B.Sc.(Hons), 1982, National University of Singapore; Ph.D., 1987, Texas A&M UniversityContact Information
Heterogeneous Catalysis, Nanostructured Materials, Green Chemistry, Environmental Catalysis, Improved Functional Materials, Biorenewables
Our research interests are focused on heterogeneous catalysis applied in various areas such as the synthesis of fine chemicals, biorenewables, and environmental catalysis. Catalysis plays an important part in our lives as many of the products and energy-related activities are derived from its application. It involved in the processing of a large fraction of products and is key to the efficiency of chemical reactions. In the last decade, catalysis has played a crucial role in the protection of our environment. Catalysts are used to reduce and minimize pollutants emitted during the processing of fuels and chemicals and from automobiles and power plants. They are vital to the production of new, environmentally friendlier fuels and chemicals.
One of our research interests is in improving the properties of existing materials. Both crystalline and amorphous materials are investigated. By studying the chemistry involved in the processing, we try to tailor materials with the suitable properties. We are able to make high surface area support materials like zirconia, alumina, titania, and ceria-zirconia that are also thermally stable. The research focuses on the parameters influencing the properties of these materials such as pore size, surface area and redox capability. The sorption properties of materials have important applications in wastewater treatment and carbon dioxide capture. In addition, the utilization and transformation of CO2 into useful chemicals is an area of interest.
One area of research interest is in the development and use of zeolites and mesoporous materials for the synthesis of fine and specialty chemicals. Brønsted and Lewis acids are required for many reactions such as alkylation, isomerization, oligomerization, hydration/dehydration, esterification, hydrolysis, and condensation The use of solid acids offers several advantages, namely (i) inherent safety and ease of handling due their less corrosive nature as compared to mineral acids (ii) facilitation of separation and recycling of the catalyst (iii) obviation of hydrolytic workup to obtain the product and (iv) avoidance of product contamination by trace amounts of neutralized acids. These benefits translate into savings in expensive equipment costs necessary to withstand corrosion as well as minimized waste stream contamination. Reactions in the microporous channels of zeolites confer shape selectivity in the formation of products. Using ordered mesoporous materials extends the range of materials to include bulky substrates.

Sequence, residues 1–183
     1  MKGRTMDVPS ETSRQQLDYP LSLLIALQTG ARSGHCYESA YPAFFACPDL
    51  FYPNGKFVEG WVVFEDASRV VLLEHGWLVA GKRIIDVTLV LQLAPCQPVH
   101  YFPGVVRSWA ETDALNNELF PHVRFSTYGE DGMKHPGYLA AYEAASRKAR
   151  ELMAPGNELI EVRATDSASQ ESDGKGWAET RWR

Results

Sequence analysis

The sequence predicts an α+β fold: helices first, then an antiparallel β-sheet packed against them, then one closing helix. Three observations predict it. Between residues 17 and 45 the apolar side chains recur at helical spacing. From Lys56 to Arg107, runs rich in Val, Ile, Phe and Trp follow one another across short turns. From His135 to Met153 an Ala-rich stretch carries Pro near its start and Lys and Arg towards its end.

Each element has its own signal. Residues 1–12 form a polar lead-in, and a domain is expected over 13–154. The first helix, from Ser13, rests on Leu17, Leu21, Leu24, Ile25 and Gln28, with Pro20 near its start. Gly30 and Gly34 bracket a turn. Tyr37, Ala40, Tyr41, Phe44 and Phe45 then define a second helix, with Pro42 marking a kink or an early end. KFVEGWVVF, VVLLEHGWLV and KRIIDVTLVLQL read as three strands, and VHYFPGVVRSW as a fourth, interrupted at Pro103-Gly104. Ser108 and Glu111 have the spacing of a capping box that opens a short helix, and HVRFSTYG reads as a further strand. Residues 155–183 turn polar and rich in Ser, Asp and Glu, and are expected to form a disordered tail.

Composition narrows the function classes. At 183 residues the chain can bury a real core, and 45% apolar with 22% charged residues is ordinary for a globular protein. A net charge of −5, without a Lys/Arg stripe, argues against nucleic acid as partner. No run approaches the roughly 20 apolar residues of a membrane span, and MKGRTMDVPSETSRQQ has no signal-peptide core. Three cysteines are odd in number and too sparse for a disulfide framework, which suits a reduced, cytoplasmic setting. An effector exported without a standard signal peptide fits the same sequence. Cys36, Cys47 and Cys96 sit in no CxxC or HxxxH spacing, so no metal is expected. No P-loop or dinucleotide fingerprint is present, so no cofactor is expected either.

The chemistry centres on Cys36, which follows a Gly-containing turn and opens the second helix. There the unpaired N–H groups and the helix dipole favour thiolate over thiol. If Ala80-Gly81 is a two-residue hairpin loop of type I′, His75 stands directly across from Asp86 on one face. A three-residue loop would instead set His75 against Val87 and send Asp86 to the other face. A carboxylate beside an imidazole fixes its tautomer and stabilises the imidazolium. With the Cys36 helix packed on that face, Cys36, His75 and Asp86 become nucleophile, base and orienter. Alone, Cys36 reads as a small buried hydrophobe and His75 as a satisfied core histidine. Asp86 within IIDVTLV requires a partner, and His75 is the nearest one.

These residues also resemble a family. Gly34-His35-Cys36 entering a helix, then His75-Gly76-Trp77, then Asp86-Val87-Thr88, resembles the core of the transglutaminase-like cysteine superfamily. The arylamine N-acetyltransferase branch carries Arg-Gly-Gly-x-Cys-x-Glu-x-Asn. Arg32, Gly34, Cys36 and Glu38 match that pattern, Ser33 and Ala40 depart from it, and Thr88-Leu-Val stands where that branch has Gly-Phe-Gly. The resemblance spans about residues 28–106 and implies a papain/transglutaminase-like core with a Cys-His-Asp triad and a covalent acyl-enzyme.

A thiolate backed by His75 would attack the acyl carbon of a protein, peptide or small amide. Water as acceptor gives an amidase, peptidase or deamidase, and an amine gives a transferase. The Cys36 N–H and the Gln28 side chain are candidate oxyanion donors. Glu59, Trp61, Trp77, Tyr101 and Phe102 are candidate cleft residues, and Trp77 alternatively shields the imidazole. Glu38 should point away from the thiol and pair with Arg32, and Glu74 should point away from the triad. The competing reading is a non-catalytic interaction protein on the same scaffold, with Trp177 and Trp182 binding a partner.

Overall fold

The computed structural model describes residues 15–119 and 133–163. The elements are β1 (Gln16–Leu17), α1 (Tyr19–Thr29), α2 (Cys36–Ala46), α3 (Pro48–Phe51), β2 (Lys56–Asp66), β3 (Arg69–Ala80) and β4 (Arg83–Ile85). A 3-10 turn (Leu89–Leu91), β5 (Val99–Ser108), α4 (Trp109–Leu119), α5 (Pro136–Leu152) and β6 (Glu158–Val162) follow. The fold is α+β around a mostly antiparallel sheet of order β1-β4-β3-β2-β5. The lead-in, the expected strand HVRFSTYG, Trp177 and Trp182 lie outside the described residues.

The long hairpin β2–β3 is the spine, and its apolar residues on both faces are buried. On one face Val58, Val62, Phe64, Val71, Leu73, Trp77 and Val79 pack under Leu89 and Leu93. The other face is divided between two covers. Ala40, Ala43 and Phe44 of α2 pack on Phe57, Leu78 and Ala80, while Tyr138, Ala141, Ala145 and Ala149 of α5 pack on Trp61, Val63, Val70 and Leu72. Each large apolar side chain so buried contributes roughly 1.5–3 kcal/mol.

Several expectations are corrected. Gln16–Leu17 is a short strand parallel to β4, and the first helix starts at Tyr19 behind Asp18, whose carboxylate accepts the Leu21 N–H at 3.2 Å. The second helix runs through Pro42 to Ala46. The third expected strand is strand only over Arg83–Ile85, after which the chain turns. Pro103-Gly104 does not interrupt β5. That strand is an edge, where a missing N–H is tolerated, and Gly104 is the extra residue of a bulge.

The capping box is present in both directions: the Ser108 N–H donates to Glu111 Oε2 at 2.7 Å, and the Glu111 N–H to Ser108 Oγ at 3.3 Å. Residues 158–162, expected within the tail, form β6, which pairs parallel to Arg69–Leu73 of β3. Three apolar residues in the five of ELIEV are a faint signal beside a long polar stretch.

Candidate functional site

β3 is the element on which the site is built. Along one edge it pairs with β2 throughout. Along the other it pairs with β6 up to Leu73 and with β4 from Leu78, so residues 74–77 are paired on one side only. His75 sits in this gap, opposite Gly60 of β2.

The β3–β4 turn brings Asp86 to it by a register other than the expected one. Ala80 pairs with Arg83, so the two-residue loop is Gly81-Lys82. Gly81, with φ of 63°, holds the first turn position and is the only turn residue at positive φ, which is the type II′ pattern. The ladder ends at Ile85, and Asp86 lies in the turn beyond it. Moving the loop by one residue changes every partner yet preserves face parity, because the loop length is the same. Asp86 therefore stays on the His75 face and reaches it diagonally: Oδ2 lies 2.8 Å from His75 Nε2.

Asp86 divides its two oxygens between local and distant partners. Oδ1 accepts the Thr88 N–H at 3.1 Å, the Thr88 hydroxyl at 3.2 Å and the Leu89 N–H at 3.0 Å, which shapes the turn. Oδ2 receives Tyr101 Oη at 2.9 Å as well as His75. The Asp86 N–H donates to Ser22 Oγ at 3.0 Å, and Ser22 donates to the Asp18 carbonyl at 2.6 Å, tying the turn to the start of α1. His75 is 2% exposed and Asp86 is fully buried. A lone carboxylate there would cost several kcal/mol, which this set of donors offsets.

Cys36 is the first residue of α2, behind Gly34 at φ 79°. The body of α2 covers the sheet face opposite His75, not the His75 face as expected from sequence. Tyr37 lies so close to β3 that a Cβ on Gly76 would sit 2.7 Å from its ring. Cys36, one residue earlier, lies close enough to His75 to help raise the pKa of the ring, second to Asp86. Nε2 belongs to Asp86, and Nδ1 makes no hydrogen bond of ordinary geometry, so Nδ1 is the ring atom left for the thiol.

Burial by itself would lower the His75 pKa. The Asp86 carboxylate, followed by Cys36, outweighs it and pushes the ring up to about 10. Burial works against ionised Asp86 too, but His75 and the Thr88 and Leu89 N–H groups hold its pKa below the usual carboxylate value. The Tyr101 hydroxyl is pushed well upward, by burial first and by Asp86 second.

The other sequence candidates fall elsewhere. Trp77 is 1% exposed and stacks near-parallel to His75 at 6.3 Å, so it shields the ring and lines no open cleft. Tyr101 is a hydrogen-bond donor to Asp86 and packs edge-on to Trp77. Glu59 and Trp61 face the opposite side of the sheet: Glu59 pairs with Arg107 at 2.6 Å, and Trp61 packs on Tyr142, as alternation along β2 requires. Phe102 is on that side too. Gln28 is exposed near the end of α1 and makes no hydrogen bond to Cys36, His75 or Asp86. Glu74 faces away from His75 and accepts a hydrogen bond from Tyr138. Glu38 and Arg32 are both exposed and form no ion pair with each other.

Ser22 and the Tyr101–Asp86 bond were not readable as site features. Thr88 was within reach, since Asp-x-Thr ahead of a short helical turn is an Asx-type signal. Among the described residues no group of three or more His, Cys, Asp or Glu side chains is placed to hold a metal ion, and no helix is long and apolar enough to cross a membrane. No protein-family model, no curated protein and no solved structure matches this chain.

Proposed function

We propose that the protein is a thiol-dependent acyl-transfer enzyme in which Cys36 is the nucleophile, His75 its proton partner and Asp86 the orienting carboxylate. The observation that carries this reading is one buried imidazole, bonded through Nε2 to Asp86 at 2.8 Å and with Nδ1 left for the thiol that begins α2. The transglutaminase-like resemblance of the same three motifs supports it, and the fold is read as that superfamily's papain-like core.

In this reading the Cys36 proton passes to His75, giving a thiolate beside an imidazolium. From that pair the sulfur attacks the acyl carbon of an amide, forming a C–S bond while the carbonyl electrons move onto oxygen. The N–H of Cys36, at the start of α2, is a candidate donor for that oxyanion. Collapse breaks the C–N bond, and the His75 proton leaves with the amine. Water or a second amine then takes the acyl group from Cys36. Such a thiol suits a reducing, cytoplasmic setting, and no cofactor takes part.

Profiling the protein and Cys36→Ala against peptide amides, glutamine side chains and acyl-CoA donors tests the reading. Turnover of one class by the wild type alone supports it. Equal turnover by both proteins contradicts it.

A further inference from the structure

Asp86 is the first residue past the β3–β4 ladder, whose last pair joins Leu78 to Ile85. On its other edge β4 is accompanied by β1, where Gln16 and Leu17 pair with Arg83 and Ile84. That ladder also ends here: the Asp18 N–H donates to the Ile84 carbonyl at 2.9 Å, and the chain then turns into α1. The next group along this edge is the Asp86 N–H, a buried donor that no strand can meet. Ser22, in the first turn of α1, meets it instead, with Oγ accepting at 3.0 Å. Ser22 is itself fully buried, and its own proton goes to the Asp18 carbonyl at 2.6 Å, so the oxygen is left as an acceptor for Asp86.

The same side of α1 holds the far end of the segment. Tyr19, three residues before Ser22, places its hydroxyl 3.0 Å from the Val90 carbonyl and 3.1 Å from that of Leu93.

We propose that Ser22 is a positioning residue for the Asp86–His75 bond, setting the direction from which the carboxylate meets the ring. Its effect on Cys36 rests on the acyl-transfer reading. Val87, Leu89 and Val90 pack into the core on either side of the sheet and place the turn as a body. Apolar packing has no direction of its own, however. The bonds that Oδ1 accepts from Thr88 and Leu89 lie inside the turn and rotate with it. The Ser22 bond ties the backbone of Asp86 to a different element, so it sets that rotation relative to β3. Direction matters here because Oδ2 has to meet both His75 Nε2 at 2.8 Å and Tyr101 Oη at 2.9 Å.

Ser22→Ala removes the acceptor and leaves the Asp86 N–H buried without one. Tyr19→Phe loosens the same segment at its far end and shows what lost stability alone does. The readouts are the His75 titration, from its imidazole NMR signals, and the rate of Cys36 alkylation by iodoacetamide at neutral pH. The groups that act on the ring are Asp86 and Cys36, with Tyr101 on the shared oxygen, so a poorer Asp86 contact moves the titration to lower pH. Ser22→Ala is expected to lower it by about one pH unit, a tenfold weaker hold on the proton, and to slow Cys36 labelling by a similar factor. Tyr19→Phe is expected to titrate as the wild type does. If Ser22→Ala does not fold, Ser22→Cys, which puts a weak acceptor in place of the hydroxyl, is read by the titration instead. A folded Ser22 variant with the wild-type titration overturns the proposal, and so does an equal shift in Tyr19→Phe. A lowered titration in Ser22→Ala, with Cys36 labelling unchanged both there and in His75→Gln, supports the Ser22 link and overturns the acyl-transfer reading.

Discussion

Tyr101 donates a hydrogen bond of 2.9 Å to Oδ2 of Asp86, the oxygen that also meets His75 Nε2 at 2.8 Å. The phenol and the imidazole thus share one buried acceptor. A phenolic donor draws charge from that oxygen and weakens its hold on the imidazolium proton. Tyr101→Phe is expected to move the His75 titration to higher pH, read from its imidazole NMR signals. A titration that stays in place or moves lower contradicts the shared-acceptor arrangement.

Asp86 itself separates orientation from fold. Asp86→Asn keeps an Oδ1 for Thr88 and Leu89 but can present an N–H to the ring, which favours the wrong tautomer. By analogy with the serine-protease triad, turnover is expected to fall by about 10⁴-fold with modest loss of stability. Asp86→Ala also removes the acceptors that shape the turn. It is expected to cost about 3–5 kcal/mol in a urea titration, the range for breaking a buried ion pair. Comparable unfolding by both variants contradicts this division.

The solid acids are good candidates for cascade reactions as they can be used in combination with other catalysts or modified to become multifunctional. Catalytic cascade conversions are increasingly considered for organic syntheses due to savings in time, energy and materials. Such conversions eliminate the recovery of intermediates, while the presence of a catalyst minimizes the need for stoichiometric amounts of reagents, thereby reducing the wastes generated. We have successfully carried out the one-pot transformation of citral to menthols, which involves a triple cascade of hydrogenation, isomerization and hydrogenation steps.
Due to the side products that can be formed, the first step in this route requires a highly selective route where the conjugated C=C bond in citral is first hydrogenated to form (±)-citronellal. In another cascade reaction, involving catalytic hydrogenation and Meerwein-Ponndorf Veley reduction, the hydrogenation of 4-tert-butylphenol and p-cresol to the corresponding alkylcyclohexanol was successfully carried out in one pot and with high yields.
Oxidation reactions are of fundamental importance in organic synthesis for introducing functionalities. The oxidation typically involves the use of stoichiometric amounts of reagents such as potassium permanganate, bromine, chromic acid/sulfuric acid in water, dipyridine Cr(VI) oxide, manganese dioxide, etc. As large amounts of toxic wastes are generated, there is intense research in find effective solutions. We investigate the use of oxidants such as molecular oxygen and hydrogen peroxide as they are inexpensive and produce water as the only byproduct. Besides heterogeneous catalysts involving precious metals, we investigate the use of less expensive metals such as silver and iron for the oxidation of alkenes and alcohols.
Nanostructured metal oxides are synthesized and used as supports for active substrates. The pore size of the material play a very important role in directing the selectivity of reactions based on steric constraints. We are interested in the synthesis of mesoporous metal oxides with tunable pore sizes to suit different reactant molecules. In a study on the direct esterification of glycerol with fatty acids, we showed that pore size constraints resulted in a high yield of monolaurin. The surface chemistry can be manipulated through grafting techniques and by framework incorporation.